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This Week in Spring - June 18, 2019

Hi Spring fans! Welcome to another installment of This Week in Spring! This week I’m in delightful Des Moines, Iowa; and then it’s off to the twin cities of DescriptionMinneapolis–Saint Paul for the epic SpringOne Tour event there.

We’ve got tons to look at this week so let’s get to it!

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Spring Session Corn-M2 and Spring Session Bean-SR6 Released

This post was authored by Vedran Pavić

On behalf of the community I’m pleased to announce the releases of Spring Session Corn-M2 and Bean-SR6. These releases will be picked up by Spring Boot 2.2.0.M4 and 2.1.6.RELEASE, respectively.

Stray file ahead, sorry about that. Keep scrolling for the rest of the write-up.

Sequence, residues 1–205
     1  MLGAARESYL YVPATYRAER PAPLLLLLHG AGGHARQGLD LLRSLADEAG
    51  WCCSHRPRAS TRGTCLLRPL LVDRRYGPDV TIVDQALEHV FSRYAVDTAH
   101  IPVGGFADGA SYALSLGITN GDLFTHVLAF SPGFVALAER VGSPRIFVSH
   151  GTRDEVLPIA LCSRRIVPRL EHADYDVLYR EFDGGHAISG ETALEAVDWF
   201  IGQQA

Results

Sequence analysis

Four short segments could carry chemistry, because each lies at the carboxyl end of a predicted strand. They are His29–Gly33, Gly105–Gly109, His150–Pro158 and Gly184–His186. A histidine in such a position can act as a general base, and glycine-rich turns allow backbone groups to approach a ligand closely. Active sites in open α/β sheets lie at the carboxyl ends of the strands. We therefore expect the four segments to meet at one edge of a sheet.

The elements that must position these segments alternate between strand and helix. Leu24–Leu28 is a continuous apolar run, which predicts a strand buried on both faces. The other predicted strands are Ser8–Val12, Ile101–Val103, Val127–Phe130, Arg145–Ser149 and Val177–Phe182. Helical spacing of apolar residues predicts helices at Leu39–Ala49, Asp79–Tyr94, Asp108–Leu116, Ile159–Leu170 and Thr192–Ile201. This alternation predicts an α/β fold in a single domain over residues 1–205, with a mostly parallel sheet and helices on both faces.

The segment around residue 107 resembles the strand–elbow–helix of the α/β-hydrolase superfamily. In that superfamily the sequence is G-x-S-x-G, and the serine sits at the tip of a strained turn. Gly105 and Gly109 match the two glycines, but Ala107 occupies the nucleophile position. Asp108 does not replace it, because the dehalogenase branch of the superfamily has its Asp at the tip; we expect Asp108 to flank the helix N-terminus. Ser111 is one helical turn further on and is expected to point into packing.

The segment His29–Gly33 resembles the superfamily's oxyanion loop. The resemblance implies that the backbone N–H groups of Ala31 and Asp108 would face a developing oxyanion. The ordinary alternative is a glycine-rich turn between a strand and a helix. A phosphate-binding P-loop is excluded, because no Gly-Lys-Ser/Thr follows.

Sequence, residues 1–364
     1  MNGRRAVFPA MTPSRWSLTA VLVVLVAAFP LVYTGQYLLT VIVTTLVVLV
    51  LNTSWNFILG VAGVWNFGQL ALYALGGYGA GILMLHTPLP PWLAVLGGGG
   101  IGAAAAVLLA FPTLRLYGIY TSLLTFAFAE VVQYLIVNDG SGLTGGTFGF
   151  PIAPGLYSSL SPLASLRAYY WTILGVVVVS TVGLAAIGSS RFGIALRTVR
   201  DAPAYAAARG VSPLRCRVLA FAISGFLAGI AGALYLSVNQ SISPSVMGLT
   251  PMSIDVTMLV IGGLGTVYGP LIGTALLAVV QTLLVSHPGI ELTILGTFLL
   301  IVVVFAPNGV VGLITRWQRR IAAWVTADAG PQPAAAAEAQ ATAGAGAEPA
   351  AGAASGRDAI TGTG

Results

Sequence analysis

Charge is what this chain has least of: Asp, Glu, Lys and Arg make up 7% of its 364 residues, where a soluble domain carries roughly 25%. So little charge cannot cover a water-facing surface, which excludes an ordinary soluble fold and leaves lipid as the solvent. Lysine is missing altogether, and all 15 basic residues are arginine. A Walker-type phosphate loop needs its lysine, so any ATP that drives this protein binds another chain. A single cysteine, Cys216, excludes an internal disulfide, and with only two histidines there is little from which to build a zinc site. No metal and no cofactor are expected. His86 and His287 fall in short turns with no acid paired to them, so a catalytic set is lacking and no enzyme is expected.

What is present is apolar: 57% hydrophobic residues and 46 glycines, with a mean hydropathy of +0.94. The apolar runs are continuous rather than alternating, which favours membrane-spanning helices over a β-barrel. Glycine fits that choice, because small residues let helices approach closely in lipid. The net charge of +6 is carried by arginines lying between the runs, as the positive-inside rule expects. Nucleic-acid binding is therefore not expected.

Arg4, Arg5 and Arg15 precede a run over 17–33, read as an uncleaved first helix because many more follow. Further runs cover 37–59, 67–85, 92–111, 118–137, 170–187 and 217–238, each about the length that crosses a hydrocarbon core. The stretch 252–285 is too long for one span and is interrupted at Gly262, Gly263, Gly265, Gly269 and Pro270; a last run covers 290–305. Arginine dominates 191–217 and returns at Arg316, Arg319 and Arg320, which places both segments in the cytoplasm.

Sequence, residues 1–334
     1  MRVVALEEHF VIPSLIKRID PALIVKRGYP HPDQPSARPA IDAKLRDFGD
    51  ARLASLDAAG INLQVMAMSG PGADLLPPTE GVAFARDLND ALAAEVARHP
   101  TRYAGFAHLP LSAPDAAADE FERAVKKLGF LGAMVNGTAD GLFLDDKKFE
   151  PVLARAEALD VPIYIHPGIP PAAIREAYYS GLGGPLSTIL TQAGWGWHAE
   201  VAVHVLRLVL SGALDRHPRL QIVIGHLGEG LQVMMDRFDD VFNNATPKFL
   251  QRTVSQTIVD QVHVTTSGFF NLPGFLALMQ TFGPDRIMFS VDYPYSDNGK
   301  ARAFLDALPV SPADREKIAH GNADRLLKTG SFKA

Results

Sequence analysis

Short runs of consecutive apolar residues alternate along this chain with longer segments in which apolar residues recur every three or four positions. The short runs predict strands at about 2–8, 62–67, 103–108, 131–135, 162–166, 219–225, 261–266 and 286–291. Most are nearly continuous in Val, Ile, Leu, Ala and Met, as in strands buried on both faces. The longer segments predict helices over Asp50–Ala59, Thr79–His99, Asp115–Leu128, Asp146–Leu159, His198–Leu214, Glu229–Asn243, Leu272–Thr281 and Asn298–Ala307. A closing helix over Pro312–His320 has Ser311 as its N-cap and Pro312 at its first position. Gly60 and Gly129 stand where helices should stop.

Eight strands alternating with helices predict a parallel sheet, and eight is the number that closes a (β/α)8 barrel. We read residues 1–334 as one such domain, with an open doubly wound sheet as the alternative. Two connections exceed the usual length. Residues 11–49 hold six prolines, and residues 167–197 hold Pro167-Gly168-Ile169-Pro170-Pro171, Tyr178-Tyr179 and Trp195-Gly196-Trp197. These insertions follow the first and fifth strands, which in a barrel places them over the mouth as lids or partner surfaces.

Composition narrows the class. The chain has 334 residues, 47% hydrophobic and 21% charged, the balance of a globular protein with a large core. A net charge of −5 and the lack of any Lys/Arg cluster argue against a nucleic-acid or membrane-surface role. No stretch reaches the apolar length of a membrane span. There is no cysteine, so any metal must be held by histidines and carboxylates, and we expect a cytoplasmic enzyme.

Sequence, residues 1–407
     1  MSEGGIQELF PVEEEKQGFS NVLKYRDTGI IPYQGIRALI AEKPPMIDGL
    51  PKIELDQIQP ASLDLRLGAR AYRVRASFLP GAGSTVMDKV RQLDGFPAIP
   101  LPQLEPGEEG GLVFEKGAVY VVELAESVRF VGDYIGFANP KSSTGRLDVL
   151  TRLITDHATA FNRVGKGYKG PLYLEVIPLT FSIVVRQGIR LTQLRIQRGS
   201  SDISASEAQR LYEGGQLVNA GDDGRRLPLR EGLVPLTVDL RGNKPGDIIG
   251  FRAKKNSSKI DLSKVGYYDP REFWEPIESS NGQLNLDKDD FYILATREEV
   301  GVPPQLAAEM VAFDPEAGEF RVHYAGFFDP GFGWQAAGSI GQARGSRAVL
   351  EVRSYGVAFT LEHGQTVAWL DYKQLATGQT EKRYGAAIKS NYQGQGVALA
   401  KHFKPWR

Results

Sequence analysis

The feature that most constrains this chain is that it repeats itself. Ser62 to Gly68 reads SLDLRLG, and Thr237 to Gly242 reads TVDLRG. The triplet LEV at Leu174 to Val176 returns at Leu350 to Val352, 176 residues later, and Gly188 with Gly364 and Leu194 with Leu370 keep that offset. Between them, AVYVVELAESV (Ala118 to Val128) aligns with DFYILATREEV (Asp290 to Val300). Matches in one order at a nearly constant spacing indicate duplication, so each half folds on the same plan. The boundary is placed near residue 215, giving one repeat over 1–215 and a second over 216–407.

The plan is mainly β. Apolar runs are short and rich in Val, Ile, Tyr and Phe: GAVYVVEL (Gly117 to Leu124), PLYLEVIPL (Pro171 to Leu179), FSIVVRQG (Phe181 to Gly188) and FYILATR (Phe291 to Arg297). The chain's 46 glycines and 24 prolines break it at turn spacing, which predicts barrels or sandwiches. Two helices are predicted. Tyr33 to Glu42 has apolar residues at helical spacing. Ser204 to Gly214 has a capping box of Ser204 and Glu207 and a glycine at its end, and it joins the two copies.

Spring Session Corn-M2

The Corn-M2 release is based on:

  • Spring Session core modules 2.2.0.M2

  • Spring Session Data Geode 2.2.0.M2

  • Spring Session Data MongoDB 2.2.0.M3

Some of the highlights of Spring Session 2.2.0.M2 are:

  • simple Redis-based implementation of SessionRepository

  • reworked @Configuration classes are now compatible with proxyBeanMethods=false

  • migration of project’s tests to JUnit 5

  • simplified project structure

Complete details of these releases can be found in the changelog.

SimpleRedisOperationsSessionRepository

The biggest highlight of the release is the new, simple, Redis-based implementation of SessionRepository that’s offered as an alternative to the well known RedisOperationsSessionRepository.